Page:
York Walks /2


Photographed in March 2004

Sign reads: St Saviour's Parish, 1842 Sign for Aldwark and Merchant Taylors' Hall

Above: Signs on the wall of the former chapel of St Anthony's Hall, at the Peasholme Green end of Aldwark.

The housing development in the Aldwark area is admired as an example of how to create attractive modern dwellings in a historically sensitive area. It was, as the sign (right) tells us, designed to reflect Lord Esher's recommendation that a return to living within the city walls should be encouraged. In the report, Esher describes Aldwark in the 1960s:

'Its forlorn character is a surprise to every visitor who penetrates into it. This has been due partly to the destruction by 19th century backyard industry and 20th century office blocks of residential amenities, partly to 'planning blight'.'

- Lord Esher, 1968

Information plaque, Aldwark. Click to enlarge

The new building had to work around several historically significant buildings, including the Merchant Taylors' Hall.

Aldwark: a variation of ancient and modern buildings  

So much in a small space. Shame about the signpost (!) – but behind it, on the left, newer buildings, then a glimpse of the city wall, then on the right the historic Merchant Taylors' Hall, which is also pictured below.

The hall dates from the late 14th century, but was later encased in brick, in the late 17th and early 18th century.

At one time the hall appears to have been hidden by buildings, cleared in the mid-20th century:

'The York Merchant Taylors Company has removed the old tumbledown buildings which for so long stood between their Hall and the street, and has commenced to carry out an extensive restoration scheme . . . the hall will stand revealed as a very attractive example of York's medieval treasures.'

C B Knight – This is York (1954)

  Merchant Taylors' Hall

But in 1968, Esher's judgement was that 'the present forecourt of Merchant Taylors' Hall is too large for this modest but vital building.' I think I agree with Lord Esher. Those cars in particular are rather out of place.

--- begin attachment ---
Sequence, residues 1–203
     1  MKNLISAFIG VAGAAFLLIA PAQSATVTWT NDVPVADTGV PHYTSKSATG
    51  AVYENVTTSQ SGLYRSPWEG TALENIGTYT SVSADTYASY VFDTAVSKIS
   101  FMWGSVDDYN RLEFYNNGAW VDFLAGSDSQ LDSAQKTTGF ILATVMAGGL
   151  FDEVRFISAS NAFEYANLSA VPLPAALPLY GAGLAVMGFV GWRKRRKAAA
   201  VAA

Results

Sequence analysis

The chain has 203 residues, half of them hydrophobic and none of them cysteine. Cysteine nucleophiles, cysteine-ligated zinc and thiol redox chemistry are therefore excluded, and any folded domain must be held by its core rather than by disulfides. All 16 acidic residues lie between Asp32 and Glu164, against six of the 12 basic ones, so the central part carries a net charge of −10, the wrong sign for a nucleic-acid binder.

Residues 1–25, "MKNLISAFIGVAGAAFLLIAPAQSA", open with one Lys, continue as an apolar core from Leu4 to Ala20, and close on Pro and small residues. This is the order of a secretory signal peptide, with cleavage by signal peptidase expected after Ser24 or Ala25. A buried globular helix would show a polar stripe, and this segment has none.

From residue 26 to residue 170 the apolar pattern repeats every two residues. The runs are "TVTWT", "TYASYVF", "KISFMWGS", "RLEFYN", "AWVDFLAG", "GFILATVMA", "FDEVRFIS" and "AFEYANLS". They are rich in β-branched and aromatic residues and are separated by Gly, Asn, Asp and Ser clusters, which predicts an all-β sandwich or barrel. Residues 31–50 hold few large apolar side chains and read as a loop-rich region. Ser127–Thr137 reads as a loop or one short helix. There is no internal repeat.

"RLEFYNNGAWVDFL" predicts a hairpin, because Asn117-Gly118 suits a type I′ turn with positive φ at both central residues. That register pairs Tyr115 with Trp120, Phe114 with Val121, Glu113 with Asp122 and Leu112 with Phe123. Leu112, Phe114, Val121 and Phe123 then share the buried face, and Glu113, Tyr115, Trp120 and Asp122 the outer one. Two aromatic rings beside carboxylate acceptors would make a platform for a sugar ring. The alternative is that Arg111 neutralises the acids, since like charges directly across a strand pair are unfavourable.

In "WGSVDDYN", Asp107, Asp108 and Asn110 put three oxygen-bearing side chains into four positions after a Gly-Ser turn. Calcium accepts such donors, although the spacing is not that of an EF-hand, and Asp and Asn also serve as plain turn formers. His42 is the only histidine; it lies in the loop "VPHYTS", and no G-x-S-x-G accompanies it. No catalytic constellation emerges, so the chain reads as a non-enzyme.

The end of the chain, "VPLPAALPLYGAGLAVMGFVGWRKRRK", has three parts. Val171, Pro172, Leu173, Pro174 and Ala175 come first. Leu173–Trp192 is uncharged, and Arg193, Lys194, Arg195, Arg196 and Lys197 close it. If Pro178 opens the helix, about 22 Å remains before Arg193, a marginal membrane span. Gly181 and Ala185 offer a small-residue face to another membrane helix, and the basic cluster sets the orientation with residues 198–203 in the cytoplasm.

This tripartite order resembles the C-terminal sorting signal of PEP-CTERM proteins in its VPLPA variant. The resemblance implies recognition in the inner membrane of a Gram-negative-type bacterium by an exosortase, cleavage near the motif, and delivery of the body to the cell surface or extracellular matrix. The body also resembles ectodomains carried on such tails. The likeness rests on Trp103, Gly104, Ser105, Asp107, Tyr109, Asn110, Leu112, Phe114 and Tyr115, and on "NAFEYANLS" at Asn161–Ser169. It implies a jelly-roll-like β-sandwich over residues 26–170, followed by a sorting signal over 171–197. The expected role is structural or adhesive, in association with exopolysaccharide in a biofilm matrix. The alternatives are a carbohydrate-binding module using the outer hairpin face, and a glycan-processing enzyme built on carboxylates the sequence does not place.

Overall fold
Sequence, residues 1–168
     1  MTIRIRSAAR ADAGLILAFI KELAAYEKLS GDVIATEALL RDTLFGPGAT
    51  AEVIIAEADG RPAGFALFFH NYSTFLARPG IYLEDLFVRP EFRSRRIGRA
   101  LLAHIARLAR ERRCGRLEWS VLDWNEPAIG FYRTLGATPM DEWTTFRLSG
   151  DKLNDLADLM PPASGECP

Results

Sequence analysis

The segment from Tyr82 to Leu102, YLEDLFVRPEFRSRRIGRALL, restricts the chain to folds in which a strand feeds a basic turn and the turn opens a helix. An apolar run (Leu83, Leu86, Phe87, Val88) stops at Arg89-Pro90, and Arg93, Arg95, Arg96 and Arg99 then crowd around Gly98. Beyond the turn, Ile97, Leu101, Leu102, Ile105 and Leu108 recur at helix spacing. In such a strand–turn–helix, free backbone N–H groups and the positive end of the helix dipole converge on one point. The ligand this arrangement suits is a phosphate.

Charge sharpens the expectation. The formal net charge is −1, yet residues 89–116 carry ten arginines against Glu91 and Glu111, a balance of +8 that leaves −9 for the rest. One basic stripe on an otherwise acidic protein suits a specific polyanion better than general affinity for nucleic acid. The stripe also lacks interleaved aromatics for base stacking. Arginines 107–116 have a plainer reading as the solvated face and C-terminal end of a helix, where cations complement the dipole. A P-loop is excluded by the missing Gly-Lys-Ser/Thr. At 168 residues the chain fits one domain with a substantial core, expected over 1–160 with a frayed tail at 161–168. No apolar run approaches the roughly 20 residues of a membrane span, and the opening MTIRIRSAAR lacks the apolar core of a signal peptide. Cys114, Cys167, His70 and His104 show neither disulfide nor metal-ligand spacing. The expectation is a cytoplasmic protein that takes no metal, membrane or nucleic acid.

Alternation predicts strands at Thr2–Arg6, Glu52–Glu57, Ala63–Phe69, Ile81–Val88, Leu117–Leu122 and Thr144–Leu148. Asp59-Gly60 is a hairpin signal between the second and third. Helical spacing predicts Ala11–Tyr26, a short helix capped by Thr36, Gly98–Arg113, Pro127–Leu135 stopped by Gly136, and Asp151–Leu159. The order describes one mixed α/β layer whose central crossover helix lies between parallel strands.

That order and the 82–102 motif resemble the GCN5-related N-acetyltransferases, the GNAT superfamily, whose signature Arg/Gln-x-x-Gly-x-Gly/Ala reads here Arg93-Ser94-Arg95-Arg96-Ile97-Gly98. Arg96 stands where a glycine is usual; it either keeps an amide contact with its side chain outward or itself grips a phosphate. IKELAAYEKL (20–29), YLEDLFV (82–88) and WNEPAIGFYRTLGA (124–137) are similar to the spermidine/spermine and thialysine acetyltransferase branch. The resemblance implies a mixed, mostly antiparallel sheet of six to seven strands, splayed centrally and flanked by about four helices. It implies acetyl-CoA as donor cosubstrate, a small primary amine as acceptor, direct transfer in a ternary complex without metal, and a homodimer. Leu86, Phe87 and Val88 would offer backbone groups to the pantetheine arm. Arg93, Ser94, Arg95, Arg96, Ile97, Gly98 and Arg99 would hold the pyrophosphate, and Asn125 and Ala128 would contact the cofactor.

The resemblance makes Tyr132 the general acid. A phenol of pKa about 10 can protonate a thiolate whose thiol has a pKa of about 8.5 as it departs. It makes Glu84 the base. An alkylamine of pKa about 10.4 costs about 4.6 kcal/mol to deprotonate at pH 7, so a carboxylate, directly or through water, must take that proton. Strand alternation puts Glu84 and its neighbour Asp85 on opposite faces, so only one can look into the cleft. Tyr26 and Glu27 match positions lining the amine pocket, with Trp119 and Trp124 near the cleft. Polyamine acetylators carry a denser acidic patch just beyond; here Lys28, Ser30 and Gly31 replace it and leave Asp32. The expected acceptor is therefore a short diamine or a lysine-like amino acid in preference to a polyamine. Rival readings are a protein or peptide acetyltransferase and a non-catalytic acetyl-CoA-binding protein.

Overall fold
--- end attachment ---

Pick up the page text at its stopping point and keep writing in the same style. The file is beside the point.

Merchant Taylors' Hall

It has a long history of hosting memorable events:

'I was accompanied with all the officers of the garrison to Merchant Taylors' Hall, where the retiring and incoming Lord Mayors, all the aldermen and common council, received us with the waits of the city at our entrance into the hall, and treated us to dinner very splendidly, where we debauched a little too freely.'

Sir John Reresby, in 1687

Hospital plaque, Merchant Taylors' Hall

In the 18th century there were all kinds of unusual entertainments in this hall:

'In January 1748 it saw the staging of "a variety of rope dancing and tumbling by Mrs Garman, Mr Pedro and Others". The "others" included Mr Dominique who, twice a week, Wednesday and Saturday, "beat a drum upon the stiff rope". Mr Pedro was billed to "perform on the stiff rope with a wheelbarrow and a child in it" followed by "a variety of new tumbling by the Russian boy"'

Ronald Willis – Portrait of York (1982)

I can't follow that really, so time to move on, back into the street called Aldwark. The street presents a mixture of architectural styles, including the impressive Oliver Sheldon House (below) alongside new build housing and a fragment of apparently historic wall. The planting too is sympathetic and well cared-for.

Information plaque, Oliver Sheldon House Oliver Sheldon House in Aldwark
Aldwark development and preserved section of wall A view along Aldwark
One of the courtyards of residential development off Aldwark

Above and left: Images of Aldwark, March 2004. This area has obviously come a long way since it was described in the sixties as a depressing and derelict part of town:

'silent, deserted, its last Georgian houses falling into decay, its half-empty workshops and warehouses awaiting clearance.'

Lord Esher, 1968

At the end of Aldwark, approaching Peasholme Green, several older buildings remain, including the ancient St Anthony's Hall, just visible, with its white limestone, at the end of the road. Unfortunately also visible is the horror shown below (right). Hilary House replaced the Salem Chapel, demolished in the 1960s. Its front, facing into St Saviourgate, is hideous (so much so I've never managed to get around to taking a photo of it), and its back view, shown here on Aldwark, is even worse.

View down Aldwark towards Peasholme Green

Hideous Hilary House, back view

I don't think it's fair to leave you with an image of Hilary House to end this particular page, so I revisited on a sunnier day and photographed St Anthony's Hall, at the end of Aldwark.

St Anthony's Hall on the corner of Aldwark and Peasholme Green St Anthony's Hall

Also the end of Aldwark, just past Hilary House, is a converted former Methodist chapel. Just around the corner is St Saviourgate.